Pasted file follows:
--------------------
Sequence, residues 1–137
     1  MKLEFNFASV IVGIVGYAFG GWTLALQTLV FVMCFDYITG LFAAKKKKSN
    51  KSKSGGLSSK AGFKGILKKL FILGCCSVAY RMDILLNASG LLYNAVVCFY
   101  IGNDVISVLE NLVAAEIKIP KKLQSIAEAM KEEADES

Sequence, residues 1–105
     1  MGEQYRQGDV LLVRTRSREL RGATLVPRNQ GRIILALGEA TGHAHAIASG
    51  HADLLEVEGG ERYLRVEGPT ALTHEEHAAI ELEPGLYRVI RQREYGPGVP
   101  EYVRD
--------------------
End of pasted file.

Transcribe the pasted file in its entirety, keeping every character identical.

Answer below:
Sequence, residues 1–137
     1  MKLEFNFASV IVGIVGYAFG GWTLALQTLV FVMCFDYITG LFAAKKKKSN
    51  KSKSGGLSSK AGFKGILKKL FILGCCSVAY RMDILLNASG LLYNAVVCFY
   101  IGNDVISVLE NLVAAEIKIP KKLQSIAEAM KEEADES

Sequence, residues 1–105
     1  MGEQYRQGDV LLVRTRSREL RGATLVPRNQ GRIILALGEA TGHAHAIASG
    51  HADLLEVEGG ERYLRVEGPT ALTHEEHAAI ELEPGLYRVI RQREYGPGVP
   101  EYVRD